Figgs and Phantoms



Ellen Raskin’s The Westing Game is one of my all-time favorite books, and one of the books in contention for the most number of readings award on my bookshelf.  Recently, I realized I haven’t read anything else written by Raskin so I decided to mooch a copy of Figgs and Phantoms. I read this a few months ago and was waiting to read a book I could match with it for a thematic review, but I don’t think that will happen soon, so here I am reviewing it solo.

Figgs and Phantoms won the Newbery Honor in 1975 before Westing Game won the Newbery Medal in 1979.

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Before The 39 Clues…

… there was a little book entitled The Westing Game. And although they were written 20 years apart, The Westing Game still trumps The 39 Clues big-time.


(I wasn’t able to finish the book I am reading (From Charlie’s Point of View) because I was busy sorting books and squee-ing because of my latest book hoard, so let me share one of my favorite books instead.)

Winner of the 1979 Newbery Medal, Ellen Raskin’s The Westing Game is a book I’ve read more times than I can count — I remember a few times I actually read it twice in one day. I’ve also run through 4 different editions of the book — mass market, Puffin Modern Classic, trade paperback, and finally, a hardcover I found at Book Sale last year. It’s original, intelligent and entertaining, and a brilliant whodunit to boot!

Sixteen different people — of different ethnicities, and of no apparent relationship to one another except that all of them either live or work in the same apartment building — are summoned for the reading of Samuel W. Westing’s will.

All 16 of them are surprised to find out they are heirs to the Westing fortune — Sam Westing is the founder of Westingtown, Wisconsin, and owner of Westing Paper Products. The catch? The will is a contest: one of the heirs has murdered Sam Westing, and whoever finds the culprit will be the heir to strike it rich.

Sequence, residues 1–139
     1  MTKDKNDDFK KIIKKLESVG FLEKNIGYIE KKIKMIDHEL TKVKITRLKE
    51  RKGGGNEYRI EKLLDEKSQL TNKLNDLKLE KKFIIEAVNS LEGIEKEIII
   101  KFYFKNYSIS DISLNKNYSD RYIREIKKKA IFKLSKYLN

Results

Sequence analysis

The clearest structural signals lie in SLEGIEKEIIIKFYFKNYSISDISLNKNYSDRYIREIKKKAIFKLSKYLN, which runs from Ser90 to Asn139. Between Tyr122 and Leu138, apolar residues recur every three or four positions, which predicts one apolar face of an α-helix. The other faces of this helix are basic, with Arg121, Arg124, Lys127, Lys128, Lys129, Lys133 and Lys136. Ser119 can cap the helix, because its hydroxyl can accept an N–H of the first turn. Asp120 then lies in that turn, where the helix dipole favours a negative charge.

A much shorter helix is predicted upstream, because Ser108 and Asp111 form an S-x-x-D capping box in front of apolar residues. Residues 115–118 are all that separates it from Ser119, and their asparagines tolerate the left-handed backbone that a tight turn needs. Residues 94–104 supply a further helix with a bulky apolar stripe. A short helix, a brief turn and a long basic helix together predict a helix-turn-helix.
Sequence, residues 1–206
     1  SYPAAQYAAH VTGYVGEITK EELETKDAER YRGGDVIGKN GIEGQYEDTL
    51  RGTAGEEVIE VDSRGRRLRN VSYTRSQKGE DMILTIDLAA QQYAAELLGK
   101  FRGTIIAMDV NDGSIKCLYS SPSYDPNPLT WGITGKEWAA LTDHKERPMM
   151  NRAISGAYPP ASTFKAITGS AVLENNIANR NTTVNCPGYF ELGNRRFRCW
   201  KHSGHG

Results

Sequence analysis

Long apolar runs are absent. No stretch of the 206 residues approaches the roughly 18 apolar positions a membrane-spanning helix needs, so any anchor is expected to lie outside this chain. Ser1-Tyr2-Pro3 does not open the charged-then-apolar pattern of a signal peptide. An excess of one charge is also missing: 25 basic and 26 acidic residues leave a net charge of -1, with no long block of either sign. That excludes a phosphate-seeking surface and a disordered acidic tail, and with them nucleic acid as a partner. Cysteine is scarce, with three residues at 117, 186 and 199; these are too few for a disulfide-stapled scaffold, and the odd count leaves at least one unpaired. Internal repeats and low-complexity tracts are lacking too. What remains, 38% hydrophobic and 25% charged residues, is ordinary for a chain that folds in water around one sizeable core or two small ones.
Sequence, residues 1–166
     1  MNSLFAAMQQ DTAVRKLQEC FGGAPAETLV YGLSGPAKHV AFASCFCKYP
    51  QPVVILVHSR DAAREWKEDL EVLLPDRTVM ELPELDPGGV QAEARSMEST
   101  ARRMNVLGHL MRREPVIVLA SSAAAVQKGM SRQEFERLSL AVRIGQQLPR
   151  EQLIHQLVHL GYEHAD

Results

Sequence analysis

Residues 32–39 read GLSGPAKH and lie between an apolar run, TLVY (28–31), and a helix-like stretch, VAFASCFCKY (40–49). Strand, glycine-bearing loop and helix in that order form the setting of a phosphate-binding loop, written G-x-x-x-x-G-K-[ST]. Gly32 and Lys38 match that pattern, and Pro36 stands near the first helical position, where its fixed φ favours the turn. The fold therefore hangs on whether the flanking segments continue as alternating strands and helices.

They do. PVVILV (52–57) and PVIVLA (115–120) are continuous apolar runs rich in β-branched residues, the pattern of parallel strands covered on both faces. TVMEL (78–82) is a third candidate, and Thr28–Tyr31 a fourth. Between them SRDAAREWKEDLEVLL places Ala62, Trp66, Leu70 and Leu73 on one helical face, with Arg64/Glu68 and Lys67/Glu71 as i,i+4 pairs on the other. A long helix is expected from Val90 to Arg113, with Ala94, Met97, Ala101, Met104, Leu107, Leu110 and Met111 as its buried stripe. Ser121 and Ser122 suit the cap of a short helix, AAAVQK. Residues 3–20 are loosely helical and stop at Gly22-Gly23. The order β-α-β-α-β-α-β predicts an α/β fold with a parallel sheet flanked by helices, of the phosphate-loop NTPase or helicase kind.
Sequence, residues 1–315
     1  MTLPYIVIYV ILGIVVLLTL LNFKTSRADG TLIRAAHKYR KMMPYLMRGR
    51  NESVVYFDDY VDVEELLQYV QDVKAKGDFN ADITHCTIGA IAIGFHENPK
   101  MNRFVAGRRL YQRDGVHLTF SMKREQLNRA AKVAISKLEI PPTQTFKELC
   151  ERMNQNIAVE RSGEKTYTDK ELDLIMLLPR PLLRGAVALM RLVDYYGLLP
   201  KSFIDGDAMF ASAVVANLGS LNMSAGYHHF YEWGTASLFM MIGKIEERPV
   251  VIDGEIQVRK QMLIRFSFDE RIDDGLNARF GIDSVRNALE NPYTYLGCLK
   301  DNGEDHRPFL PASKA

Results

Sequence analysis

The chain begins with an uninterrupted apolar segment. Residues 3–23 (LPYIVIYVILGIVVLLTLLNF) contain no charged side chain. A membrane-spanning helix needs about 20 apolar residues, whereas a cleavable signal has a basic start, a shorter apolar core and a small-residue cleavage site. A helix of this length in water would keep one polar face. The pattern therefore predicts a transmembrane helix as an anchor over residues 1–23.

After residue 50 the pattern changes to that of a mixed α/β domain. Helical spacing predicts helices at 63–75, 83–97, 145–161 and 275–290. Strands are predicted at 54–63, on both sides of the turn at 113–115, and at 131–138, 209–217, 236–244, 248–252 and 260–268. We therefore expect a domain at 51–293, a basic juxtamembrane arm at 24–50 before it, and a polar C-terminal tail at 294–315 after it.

The heirs are a crazy and spirited bunch, among them:

James Shin Hoo, owner of a Chinese restaurant, also an inventor;
Madame Sun Lin Hoo, Shin Hoo’s wife, imported from China;
Doug Hoo, a track and field athlete;
Christos Theodorakis, a kid confined to his wheelchair and an avid birdwatcher;
Theo Theodorakis, Chris’ brother, a high school student, pal of Doug Hoo;
Dr. Jake Wexler, podiatrist;
Grace Windsor Wexler, Dr. Wexler’s idle wife;
Turtle Wexler, the Wexlers’ smart aleck younger daughter;
Angela Wexler, the Wexler family beauty, engaged to be married to
Dr. Denton Deere, an intern;
Flora Baumbach, a dressmaker;
Alexander McSouthers, the apartment’s doorman;
Josie-Jo Ford, a judge;
Berthe Crow, the cleaning lady;
Otis Amber, the messenger;
and Sydelle Pulaski, a secretary.
The characters are full of little quirks that make them all interesting and endearing, and they plod through blizzards, burglaries and bombings in deciphering the clues to get the family fortune. I also like that the female characters in the book are feisty and liberated (or gain liberation along the way). Turtle Wexler rocks!

What’s fun about this book is that it will keep you guessing, with a variety of imaginative puzzles you can solve together with and the characters… and then wham! Revelations throughout the book will make you doubt your original guess. And just when you’re ready to give your final answer… bam! Raskin turns everything around with a twisty plot!

I am getting worked up just talking about it, hahaha. I just love this book :)

My copy: hardcover with dust jacket, plus a trade paperback for lending and rereading

My rating: 5/5 stars